AIHW Board AIHW senior staff Annual report Capability statement Collaboration AIHW corporate plan 2016–17 to 2019–20 Customer care charter FOI - freedom of information Indexed list of files Nous review Organisation chart Presentations Privacy of data Public Interest Disclosure Tenders
By category Ageing, disability & carers Families & children Hospitals Housing & homelessness Indigenous Australians Population groups Risk factors, diseases & death Services, workforce & spending
By subject Adoptions Aged care Ageing Alcohol & other drugs Arthritis & musculoskeletal conditions Asthma Australia's health Australia's welfare Burden of disease Cancer Cardiovascular disease Child health, development & wellbeing Child protection Children's services Chronic diseases
Chronic kidney disease Chronic respiratory conditions COPD Deaths Dementia Dental & oral health Diabetes Disability Expenditure Eye health Food & nutrition Health indicators Health performance Homelessness Hospitals Housing assistance Indigenous Australians Injury Life expectancy
Male health Mental health Mothers & babies Overweight & obesity Palliative care Population health Primary health care Prisoner health Risk factors Rural health Safety & quality of health care Veterans' health Workforce Youth health & wellbeing Youth justice
In other sections Data Publications Contact AIHW
Publications CatalogueOrdering publicationsForthcoming publications Online reports Subscribe to release notices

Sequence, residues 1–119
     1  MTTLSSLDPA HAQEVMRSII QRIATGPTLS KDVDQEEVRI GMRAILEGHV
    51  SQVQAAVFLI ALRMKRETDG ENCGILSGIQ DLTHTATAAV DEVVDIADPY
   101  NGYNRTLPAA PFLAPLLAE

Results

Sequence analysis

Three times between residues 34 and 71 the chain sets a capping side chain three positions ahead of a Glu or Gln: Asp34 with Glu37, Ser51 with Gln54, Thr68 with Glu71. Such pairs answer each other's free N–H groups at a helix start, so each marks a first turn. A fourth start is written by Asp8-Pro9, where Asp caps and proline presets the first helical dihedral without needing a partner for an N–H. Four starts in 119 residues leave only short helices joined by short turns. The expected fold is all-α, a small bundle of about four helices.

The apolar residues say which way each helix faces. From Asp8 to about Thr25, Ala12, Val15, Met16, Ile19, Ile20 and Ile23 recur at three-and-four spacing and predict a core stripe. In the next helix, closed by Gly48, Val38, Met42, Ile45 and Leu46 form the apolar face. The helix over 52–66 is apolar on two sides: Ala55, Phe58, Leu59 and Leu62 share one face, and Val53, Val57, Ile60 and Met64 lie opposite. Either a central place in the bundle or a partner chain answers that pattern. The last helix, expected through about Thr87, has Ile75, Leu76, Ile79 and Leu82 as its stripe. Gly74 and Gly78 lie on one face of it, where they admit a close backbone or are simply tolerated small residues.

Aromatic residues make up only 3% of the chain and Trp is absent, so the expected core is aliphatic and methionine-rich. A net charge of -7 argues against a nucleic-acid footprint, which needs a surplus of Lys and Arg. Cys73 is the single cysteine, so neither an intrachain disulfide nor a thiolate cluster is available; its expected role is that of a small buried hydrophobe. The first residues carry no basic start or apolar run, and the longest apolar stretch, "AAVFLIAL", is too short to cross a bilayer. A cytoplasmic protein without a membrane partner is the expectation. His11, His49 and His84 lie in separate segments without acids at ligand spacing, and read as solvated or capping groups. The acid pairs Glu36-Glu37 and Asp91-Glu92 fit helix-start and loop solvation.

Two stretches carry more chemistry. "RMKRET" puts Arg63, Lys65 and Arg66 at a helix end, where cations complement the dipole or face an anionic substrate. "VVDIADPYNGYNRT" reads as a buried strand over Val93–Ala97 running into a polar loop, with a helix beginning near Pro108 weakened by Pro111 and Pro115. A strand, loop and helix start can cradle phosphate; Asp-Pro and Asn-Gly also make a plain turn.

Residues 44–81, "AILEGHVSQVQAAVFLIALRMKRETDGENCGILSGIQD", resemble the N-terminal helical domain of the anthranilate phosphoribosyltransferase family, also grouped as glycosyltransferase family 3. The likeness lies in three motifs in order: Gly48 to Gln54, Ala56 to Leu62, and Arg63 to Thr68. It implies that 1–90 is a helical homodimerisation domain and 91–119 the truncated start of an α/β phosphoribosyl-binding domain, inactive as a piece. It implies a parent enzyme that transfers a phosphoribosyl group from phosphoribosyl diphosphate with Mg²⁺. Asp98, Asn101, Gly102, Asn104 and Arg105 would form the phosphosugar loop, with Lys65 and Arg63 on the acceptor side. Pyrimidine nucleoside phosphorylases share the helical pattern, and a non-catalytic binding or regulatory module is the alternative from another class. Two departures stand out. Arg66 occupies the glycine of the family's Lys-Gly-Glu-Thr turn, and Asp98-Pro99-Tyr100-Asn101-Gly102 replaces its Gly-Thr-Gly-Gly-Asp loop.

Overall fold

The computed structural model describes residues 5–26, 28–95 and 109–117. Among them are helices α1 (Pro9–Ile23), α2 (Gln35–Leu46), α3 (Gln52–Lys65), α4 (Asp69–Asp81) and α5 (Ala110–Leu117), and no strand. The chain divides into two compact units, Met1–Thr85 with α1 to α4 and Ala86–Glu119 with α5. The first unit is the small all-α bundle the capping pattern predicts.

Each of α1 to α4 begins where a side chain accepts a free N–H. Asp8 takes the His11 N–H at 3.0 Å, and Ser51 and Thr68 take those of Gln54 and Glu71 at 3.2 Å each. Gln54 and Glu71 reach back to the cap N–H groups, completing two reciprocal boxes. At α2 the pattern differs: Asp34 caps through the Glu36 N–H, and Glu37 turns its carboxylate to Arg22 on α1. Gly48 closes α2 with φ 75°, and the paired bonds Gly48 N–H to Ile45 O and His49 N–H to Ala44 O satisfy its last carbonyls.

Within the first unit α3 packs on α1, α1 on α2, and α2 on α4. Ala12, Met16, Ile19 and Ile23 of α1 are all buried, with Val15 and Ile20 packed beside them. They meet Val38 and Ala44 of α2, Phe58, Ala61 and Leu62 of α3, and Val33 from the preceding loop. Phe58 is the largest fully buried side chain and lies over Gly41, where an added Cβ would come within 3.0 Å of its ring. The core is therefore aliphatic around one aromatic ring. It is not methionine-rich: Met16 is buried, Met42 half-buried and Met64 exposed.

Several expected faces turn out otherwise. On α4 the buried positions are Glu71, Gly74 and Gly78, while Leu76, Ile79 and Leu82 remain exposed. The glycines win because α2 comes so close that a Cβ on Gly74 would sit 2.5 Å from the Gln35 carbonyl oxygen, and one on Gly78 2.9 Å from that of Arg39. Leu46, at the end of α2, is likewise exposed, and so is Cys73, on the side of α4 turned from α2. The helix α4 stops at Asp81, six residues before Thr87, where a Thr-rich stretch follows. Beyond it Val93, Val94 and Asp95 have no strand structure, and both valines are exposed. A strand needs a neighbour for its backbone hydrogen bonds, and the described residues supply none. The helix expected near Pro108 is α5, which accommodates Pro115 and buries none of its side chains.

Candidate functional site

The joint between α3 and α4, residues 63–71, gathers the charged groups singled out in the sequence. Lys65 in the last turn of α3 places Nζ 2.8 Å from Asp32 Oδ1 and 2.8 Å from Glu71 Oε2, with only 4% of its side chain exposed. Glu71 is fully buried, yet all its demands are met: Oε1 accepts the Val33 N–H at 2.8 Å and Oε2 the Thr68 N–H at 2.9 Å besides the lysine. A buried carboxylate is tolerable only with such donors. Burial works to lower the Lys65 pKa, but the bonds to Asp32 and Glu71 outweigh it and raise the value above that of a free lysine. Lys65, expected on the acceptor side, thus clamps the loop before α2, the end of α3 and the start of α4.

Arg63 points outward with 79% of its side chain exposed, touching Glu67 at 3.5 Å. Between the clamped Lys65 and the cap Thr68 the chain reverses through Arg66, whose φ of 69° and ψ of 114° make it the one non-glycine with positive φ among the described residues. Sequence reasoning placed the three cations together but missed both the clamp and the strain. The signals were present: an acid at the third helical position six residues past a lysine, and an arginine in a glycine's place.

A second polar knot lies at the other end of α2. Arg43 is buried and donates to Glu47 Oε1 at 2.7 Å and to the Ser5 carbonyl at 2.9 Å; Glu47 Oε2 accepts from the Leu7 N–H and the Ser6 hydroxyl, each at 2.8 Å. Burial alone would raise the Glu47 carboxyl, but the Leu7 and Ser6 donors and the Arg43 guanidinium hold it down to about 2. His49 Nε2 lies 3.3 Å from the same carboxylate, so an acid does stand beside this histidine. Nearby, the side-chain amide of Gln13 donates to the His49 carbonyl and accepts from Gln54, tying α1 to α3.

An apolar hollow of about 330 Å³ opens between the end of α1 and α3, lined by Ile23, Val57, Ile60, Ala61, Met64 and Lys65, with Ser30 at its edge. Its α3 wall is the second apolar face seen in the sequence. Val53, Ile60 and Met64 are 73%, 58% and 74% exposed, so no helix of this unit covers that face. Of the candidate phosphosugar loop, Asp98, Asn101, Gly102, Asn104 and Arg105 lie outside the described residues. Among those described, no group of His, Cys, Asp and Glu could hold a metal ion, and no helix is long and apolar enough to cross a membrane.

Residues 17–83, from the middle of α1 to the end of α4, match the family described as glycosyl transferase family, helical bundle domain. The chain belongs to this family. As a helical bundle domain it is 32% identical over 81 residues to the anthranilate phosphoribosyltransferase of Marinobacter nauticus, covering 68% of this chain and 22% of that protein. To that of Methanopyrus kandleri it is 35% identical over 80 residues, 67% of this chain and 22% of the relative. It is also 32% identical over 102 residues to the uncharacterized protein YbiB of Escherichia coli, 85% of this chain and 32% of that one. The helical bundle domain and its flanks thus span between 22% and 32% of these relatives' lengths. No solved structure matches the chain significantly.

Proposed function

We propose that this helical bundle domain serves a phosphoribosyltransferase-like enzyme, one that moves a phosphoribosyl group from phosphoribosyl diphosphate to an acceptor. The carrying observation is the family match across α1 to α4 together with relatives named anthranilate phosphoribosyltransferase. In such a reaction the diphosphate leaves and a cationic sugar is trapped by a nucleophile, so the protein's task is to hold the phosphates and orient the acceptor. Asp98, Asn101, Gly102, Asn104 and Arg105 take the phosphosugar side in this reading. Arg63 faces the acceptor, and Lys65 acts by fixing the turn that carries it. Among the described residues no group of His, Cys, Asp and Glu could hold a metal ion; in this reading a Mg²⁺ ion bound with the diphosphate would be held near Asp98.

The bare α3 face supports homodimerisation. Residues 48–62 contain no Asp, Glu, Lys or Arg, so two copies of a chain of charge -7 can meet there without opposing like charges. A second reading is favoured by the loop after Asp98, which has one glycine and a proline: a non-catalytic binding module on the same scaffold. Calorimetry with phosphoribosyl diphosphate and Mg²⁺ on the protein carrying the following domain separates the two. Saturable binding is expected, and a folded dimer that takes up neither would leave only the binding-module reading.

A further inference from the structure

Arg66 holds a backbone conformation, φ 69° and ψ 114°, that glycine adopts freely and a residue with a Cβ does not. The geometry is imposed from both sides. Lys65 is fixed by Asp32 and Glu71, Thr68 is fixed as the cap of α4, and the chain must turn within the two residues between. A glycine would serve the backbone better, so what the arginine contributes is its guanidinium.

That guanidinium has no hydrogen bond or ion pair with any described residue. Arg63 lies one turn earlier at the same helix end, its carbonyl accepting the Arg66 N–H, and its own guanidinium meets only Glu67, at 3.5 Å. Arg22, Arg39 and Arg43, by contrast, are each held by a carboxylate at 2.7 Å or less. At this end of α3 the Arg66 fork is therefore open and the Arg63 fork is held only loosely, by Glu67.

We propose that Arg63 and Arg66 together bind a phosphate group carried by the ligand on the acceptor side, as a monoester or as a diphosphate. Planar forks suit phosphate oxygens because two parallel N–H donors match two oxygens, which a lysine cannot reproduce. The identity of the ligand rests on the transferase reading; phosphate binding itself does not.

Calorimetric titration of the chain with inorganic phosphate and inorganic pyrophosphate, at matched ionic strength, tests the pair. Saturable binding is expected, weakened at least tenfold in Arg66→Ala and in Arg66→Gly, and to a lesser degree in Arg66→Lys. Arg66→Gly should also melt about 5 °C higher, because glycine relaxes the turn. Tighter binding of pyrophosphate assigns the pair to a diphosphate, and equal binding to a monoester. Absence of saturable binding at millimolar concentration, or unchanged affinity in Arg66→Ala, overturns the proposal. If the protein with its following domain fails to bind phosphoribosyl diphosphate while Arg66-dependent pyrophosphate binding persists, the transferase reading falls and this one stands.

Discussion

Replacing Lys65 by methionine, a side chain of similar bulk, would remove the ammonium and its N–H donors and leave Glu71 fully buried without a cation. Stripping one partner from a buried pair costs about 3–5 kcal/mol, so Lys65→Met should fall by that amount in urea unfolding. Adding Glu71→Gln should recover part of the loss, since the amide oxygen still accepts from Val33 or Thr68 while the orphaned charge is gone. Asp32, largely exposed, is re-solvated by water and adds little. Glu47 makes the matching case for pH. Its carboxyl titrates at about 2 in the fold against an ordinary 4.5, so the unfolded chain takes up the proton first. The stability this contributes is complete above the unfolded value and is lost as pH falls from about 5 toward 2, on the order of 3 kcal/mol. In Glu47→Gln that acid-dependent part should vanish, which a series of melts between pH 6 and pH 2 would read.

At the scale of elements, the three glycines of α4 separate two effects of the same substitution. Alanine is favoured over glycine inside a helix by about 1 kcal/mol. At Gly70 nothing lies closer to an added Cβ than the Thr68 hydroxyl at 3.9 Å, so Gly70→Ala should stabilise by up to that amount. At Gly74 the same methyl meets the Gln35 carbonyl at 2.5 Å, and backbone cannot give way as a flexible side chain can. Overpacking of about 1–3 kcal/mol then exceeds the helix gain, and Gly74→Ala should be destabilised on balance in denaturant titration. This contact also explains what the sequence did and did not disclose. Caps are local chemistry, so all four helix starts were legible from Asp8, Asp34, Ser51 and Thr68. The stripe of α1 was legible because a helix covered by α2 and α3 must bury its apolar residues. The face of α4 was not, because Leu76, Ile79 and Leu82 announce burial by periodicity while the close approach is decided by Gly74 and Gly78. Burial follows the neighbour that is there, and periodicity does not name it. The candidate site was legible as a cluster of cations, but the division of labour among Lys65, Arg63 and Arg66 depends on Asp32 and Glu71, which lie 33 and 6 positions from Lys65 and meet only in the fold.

By subject Adoptions Aged care Ageing Alcohol & other drugs AIHW annual reports Arthritis & musculoskeletal conditions Asthma Australia's health Australia's welfare Burden of disease Cancer Cardiovascular disease Child health, development & wellbeing Child protection Children's services Chronic diseases Chronic kidney disease
Chronic respiratory conditions Corporate publications Data linkage Data standards Deaths Dental & oral health Diabetes Disability Expenditure Eye health Food & nutrition General practice Health indicators Homelessness Hospitals Housing assistance Indigenous Australians Indigenous housing
Injury Life expectancy Male health Mental health services Mothers & babies Overweight & obesity Palliative care Population health Primary health carePrisoner health Risk factors Rural health Safety & quality of health care Veterans' health Workforce Youth health & wellbeing Youth justice
In other sections Subjects Data Contact AIHW
About AIHW data METeOR—metadata online registry Data by subject AIHW data collections Customised data analysis request Data governance framework Data linking Data standards GovHack Privacy of data Accessing Australian Government health and welfare data
By subjectAboriginal and Torres Strait Islander Health Performance Framework Adoptions Aged care Alcohol and other drugs Alcohol data sources Body weight data sources Cancer Children's headline indicators (CHI) Child protection Data sources for monitoring health conditionsDeaths Disability
Expenditure FHBH - Fixing houses for better health General Record of Incidence of Mortality (GRIM) books Height and weight data sources Hospitals Indigenous Australians International collaboration Maternity Information Matrix (MIM) Medical indemnity Mental health Mortality Over Regions and Time (MORT) books National Aged Care Data Clearinghouse
National core maternity indicators (NCMI) National framework for protecting Australia’s children (NFPAC) National indicator catalogue National Youth Information Framework (NYIF) Perinatal data Primary Health Network (PHN) Specialist Homelessness Services (SHS) Tobacco data sources Workforce